Blog | Wednesday, March 30, 2011

QD: News Every Day--Online tools show how communities influence health, lifespan


Two websites show how much that education, jobs, income and environment play in health and longevity for every county in America. The two sites show how much what goes on outside the doctor's office influences the types of encounters likely to be found inside it.

The County Health Rankings compare the overall health of counties against others in the state, and also compare performance on specific health factors against national benchmarks of top-performing counties.

Published by the University of Wisconsin Population Health Institute and the Robert Wood Johnson Foundation (RWJF), the rankings look at factors that affect the rate of people dying before age 75, high school graduation rates, access to healthier foods, air pollution levels, income, and rates of smoking, obesity and teen births. Users can compare how their county performs in areas such as diabetes screening rates or number of uninsured adults to national benchmarks. A second site, the County Health Calculator, by Robert Wood Johnson Foundation and the Virginia Commonwealth University's Center on Human Needs, shows how much higher levels of education and income influence premature death rates.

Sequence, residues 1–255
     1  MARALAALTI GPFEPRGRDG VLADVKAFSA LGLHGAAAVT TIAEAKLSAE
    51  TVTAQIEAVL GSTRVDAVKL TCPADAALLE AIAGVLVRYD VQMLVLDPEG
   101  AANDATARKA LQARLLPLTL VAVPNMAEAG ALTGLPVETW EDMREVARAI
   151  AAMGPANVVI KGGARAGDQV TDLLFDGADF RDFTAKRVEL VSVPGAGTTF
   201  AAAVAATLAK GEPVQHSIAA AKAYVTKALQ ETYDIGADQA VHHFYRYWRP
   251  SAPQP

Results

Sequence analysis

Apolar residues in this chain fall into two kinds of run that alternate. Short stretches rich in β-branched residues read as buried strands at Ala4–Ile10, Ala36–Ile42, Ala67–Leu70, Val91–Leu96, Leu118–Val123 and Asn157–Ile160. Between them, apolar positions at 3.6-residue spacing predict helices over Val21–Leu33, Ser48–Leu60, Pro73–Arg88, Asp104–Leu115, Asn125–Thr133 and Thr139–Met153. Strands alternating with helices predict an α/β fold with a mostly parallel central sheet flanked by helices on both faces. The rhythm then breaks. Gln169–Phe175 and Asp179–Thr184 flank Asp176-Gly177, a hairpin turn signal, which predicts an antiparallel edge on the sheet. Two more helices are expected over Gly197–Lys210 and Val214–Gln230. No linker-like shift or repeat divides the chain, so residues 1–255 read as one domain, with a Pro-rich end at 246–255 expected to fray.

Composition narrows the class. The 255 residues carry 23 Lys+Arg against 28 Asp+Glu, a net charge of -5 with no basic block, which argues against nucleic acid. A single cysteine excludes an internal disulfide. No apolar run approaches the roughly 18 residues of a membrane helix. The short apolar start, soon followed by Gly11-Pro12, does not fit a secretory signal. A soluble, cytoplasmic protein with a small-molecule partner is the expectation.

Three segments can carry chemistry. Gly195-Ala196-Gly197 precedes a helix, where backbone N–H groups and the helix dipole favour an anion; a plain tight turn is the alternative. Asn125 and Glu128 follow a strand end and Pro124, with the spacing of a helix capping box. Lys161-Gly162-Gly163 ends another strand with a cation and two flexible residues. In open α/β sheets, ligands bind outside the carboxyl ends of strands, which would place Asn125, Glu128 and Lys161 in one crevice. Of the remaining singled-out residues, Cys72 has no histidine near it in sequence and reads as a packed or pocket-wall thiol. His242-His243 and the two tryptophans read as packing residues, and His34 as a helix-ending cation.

Not surprisingly, people are nearly twice as likely to be in fair or poor health in the unhealthiest counties. The unhealthiest counties have lower high school graduation rates, more than twice as many children living in poverty, fewer grocery stores or farmer's markets, much higher unemployment rates.

"It's hard to lead a healthy life if you don't live in a healthy community," said Risa Lavizzo-Mourey, MACP, president and CEO of the Robert Wood Johnson Foundation. "The County Health Rankings are an annual check-up for communities to know how healthy they are and where they can improve. We hope that policymakers, businesses, educators, public health departments and community residents will use the rankings to develop solutions to help people live healthier lives."